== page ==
Kim Song-hyeon suggested that a way around this would be for Korean authors to write their works directly in English or French, but at that time he could only think of four such examples: Li Mirok, Young-hill Kang, Kim Yong-ik and Richard E. Kim.

In March 1969, Dongguk University English professor Song Yo-in described how at a recent lecture held in Seoul, Seidensticker made clear that he believed, as Rutt did, that "the natural direction of translation is not out of but into one's own language," adding that it would be "outrageous or even ridiculous for an American to attempt to translate American literature into Korean."

The difficulty in finding English native speakers who understood literature and Korea's language and culture led Song to suggest that a partnership between native speakers of Korean and English might be an efficient solution. However, he thought the then-current system of Koreans providing a first draft of a translation which was polished by an English-speaking copyeditor who might have little knowledge of Korea produced lackluster results. As he put it, "The heartening thing about the problem is that more and more people are becoming aware of and interested in it."

While visiting Korea in May 1969, University of Hawaii professor and translator Peter H. Lee spoke about the need to choose carefully when translating Korean fiction. He "stressed that the works should contain local value as literary works. Translators should not select works on the simple grounds that they are interesting to English-speaking foreign residents in Korea. Because these are always not at all those who are interested in or have a deep knowledge of Korean literature."

In a letter published in the Korea Times three days later, columnist James Wade described this stance as "Nonsense!" "On what basis should such selections be chosen? That they are not interesting to sympathetic foreign readers? As an English-speaking foreign resident I resent the idea of having my interest taken as a negative criterion for translation projects."

"Historical perspective and scholarly value should certainly enter into such choices of course," Wade wrote. "But a policy deliberately to exclude anything the general reader might like" would only produce "dusty shelves full of unread (however excellent) translations of esoterica."

By early 1969 it was reported that the Ministry of Culture and Public Information was planning to train translation experts and financially support the publication of translated works, which it hoped would "fan a translation boom in the near future with an eye for a Nobel Prize."

There were various players looking to promote Korean literature abroad, such as the Korean publisher Hollym, the Korea PEN Club and the Asia Society. In April 1969, the Korea PEN Club reportedly planned to translate 30 contemporary short stories, 300 poems, and five plays before the 37th International PEN Club conference, which was to be held in Seoul in 1970.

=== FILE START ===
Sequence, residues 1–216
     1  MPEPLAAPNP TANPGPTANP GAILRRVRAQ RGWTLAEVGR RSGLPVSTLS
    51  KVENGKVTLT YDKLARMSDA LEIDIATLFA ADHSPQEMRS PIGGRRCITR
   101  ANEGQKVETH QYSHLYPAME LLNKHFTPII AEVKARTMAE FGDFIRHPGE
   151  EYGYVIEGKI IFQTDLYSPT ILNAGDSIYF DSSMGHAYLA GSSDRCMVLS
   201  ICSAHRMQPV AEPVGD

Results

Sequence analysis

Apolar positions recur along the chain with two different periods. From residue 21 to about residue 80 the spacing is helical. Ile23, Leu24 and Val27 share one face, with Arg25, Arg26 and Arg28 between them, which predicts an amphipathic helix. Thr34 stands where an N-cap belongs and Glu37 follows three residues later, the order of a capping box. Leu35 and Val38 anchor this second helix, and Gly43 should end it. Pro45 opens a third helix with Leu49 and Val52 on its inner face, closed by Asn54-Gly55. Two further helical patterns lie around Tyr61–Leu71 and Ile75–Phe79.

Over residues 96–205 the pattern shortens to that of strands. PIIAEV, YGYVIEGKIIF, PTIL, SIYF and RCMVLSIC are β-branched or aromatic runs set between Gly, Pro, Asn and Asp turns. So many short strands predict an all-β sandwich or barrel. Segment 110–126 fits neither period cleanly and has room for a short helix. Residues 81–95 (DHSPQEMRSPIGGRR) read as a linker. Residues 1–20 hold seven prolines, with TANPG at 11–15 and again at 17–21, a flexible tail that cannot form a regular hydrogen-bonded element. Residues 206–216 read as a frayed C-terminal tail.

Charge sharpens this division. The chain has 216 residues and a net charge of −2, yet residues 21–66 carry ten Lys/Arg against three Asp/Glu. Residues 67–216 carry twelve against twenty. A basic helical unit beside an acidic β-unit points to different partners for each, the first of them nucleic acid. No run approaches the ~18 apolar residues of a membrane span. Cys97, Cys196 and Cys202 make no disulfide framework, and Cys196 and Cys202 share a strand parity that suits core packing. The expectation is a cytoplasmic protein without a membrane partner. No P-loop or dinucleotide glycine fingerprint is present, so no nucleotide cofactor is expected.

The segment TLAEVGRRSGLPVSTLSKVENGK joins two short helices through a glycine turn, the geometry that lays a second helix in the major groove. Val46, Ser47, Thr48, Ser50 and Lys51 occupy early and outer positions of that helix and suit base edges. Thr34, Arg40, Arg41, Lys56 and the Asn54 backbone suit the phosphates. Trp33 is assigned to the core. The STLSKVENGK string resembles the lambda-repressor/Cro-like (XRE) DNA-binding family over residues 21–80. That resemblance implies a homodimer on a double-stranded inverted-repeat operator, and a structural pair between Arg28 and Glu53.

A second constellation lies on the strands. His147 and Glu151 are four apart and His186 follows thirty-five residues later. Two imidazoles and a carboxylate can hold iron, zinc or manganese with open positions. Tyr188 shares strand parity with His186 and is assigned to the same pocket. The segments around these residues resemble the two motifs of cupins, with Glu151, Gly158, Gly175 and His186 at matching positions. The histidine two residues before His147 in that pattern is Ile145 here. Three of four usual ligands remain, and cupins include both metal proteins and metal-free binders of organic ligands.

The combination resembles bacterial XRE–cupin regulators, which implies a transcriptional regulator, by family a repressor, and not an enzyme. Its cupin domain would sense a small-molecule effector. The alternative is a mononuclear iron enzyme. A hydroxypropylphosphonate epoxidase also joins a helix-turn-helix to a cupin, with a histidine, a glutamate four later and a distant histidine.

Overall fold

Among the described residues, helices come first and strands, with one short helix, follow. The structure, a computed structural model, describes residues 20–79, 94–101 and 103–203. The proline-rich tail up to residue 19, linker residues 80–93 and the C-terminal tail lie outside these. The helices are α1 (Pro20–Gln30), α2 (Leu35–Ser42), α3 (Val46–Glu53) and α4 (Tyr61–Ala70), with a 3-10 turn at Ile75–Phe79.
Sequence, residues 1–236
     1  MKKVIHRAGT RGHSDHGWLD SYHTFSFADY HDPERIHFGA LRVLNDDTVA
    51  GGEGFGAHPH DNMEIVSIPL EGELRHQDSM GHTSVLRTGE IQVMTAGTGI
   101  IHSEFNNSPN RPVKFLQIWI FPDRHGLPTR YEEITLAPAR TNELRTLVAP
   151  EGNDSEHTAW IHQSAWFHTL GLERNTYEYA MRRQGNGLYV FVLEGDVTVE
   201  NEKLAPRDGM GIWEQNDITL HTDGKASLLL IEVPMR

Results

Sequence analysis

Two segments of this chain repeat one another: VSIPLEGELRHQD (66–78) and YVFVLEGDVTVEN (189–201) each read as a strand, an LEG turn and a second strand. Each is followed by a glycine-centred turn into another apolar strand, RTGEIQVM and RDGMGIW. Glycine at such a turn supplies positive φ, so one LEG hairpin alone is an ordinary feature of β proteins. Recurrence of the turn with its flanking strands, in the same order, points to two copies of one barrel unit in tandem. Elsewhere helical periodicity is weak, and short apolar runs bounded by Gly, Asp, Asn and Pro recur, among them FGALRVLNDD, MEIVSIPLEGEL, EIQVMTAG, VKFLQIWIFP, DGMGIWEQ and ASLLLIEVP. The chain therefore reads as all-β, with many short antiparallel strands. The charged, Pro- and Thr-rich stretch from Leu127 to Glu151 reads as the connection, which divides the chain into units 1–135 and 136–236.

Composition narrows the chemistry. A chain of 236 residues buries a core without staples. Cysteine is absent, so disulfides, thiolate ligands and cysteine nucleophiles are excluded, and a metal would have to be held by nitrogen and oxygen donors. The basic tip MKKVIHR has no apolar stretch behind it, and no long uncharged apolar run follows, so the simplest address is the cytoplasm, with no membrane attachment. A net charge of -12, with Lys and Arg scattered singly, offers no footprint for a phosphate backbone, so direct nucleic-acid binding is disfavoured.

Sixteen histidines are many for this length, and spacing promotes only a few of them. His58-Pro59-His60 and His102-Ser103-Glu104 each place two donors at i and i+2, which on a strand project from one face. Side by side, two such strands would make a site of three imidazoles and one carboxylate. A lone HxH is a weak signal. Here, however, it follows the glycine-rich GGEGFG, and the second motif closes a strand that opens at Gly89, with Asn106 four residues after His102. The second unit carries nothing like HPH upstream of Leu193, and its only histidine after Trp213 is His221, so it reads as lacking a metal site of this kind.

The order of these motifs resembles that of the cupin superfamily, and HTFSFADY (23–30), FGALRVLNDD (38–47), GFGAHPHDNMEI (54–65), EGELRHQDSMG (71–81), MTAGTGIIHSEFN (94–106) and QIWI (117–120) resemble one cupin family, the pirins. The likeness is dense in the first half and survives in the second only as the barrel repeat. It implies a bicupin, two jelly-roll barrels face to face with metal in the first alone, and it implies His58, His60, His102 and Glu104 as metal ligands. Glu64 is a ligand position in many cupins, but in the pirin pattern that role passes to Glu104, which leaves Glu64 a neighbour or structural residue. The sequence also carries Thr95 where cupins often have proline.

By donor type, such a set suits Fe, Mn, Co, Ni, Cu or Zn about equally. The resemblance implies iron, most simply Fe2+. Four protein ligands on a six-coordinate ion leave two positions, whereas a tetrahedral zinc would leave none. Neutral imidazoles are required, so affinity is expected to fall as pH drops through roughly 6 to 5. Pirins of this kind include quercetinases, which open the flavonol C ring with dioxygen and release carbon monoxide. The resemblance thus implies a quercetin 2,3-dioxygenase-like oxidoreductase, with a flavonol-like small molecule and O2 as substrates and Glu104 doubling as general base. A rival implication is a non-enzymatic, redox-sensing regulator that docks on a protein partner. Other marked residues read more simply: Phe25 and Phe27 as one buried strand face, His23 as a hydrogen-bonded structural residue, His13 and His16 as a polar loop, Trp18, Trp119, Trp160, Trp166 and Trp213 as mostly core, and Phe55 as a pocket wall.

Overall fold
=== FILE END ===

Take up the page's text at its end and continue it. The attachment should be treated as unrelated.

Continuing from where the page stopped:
The Asian Literature Program of the Asia Society, which was established in 1959 to "create a greater understanding of Asian thought," was more interested in publishing Korean classics, and its director visited Seoul in late 1969 to discuss various projects with translators such as James Hoyt, Alan Heyman, Marshall Pihl and Rutt.

A roundtable discussion on the problems with Korean literary translation, published in The Korea Times Feb. 1, 1970. / Korea Times Archive
A roundtable discussion on the problems with Korean literary translation, published in The Korea Times Feb. 1, 1970. / Korea Times Archive

In February 1970, Pihl discussed a topic that is popular today when he wrote that "From time to time one runs across those articles in the popular press that herald the coming of a 'computer age' when the 'great treasures of the world's literature will be unlocked for one and all' by programmed, computer translation. Such hokum is the stuff of many a middle American dream, fired by an imagination left too long unexercised by the awful dullness of modern mass media."

In 1969, Edward Seidensticker stated that "translation is forever impossible and yet it is forever necessary." In reply, Song Yo-in wrote, "We Koreans go a step further and fondly call the translator a traitor."

Considering the criticism that Korean audiences have directed at the subtitles for "Squid Game" and the translation of "The Vegetarian," it's rather clear that, far from being the obscure topic it was in the 1960s, for today's hypermodern, globalized Korea, translation has now taken center stage, and those who undertake it must tread carefully.


Matt VanVolkenburg has a master's degree in Korean studies from the University of Washington. He is the blogger behind
populargusts.blogspot.kr.